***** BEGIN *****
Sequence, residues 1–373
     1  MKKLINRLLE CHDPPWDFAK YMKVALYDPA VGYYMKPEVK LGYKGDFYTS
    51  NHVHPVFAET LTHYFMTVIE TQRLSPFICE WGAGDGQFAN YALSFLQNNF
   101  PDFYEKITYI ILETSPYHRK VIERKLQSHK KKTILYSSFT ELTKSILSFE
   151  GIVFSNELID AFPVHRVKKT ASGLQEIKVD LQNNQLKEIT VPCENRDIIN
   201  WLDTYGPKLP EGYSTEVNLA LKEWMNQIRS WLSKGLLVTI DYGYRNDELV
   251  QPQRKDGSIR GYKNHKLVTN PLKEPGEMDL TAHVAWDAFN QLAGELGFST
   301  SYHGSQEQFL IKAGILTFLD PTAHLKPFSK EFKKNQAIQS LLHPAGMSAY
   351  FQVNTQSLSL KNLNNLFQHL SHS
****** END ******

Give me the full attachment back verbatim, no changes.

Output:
Sequence, residues 1–373
     1  MKKLINRLLE CHDPPWDFAK YMKVALYDPA VGYYMKPEVK LGYKGDFYTS
    51  NHVHPVFAET LTHYFMTVIE TQRLSPFICE WGAGDGQFAN YALSFLQNNF
   101  PDFYEKITYI ILETSPYHRK VIERKLQSHK KKTILYSSFT ELTKSILSFE
   151  GIVFSNELID AFPVHRVKKT ASGLQEIKVD LQNNQLKEIT VPCENRDIIN
   201  WLDTYGPKLP EGYSTEVNLA LKEWMNQIRS WLSKGLLVTI DYGYRNDELV
   251  QPQRKDGSIR GYKNHKLVTN PLKEPGEMDL TAHVAWDAFN QLAGELGFST
   301  SYHGSQEQFL IKAGILTFLD PTAHLKPFSK EFKKNQAIQS LLHPAGMSAY
   351  FQVNTQSLSL KNLNNLFQHL SHS